Investing in the era of COVID-19
Investment experts weigh in on what the future could hold for share trading.
The brutal stock market crash in March and the unexpected rebound has left many of us wondering what’s in store for our shares and the equities market. Has the market recovered or is it just a dead-cat bounce? To investigate, we polled 32 experts from around the globe.
What's in this guide?
- Who are our panellists?
- Equities recovery or central bank bubble?
- Which major index could offer the best returns?
- COVID-19 investing opportunities
- Which investment styles will see the most success going forward?
- COVID-19-induced recession set to increase financial inequality
- Is it worth investing in travel?
- Tips for retail investors
- Tips from our experts
- What will the economic recovery look like?
Who are our panellists?
Equities recovery or central bank bubble?
The majority of panellists (59%) believe equities will recover to levels we saw in early 2020 this year while a further 25% say the market will recover in 2021.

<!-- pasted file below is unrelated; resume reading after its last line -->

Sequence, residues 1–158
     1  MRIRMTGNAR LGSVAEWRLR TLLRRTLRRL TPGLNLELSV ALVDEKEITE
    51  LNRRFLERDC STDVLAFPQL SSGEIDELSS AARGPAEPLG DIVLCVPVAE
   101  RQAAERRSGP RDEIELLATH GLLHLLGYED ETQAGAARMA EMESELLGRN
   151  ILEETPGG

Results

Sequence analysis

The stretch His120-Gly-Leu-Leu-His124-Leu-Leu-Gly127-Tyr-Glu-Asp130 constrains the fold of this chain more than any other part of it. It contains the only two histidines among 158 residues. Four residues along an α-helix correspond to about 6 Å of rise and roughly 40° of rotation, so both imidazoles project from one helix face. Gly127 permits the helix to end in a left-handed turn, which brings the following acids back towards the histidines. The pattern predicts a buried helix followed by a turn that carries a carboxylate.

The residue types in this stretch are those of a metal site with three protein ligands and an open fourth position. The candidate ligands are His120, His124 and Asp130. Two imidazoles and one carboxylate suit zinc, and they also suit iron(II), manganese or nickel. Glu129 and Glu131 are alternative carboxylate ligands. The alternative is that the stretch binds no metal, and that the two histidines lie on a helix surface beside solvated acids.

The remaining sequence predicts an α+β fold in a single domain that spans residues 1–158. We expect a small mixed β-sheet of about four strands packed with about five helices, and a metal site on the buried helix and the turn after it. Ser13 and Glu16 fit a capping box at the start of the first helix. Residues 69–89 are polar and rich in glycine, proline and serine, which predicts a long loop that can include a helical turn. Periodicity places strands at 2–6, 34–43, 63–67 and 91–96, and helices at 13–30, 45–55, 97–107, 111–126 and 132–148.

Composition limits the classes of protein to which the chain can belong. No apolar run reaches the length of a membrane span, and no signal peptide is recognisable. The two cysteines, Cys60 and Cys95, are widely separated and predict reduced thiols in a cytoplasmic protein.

Some panellists, including Daniel Deming, managing director of KKM Financial, were quick to flag NASDAQ’s spectacular recovery while this survey was in market. However, while he thinks we’re in for a recovery this year, he did note that other indices like the Dow and RUT are still lagging.
Many panellists forecasting a quick recovery, including Gary Duggan, CEO of Purple Asset Management, say the hunt for yield is supporting stock prices. “The very low yields available from government bonds, which are often below the local inflation rates, are almost forcing investors into the equity asset class,” he said.
Sven Richter, director at Geokalla, also believes we’ll see a recovery this year but that some markets will struggle. “The huge amount of liquidity being put into the system is pushing up equity prices in global markets, emerging markets have lagged and frontier markets are even further behind. But we could also see a downward leg after this as parts of the real economy may continue to be affected by COVID-19 for years,” he said.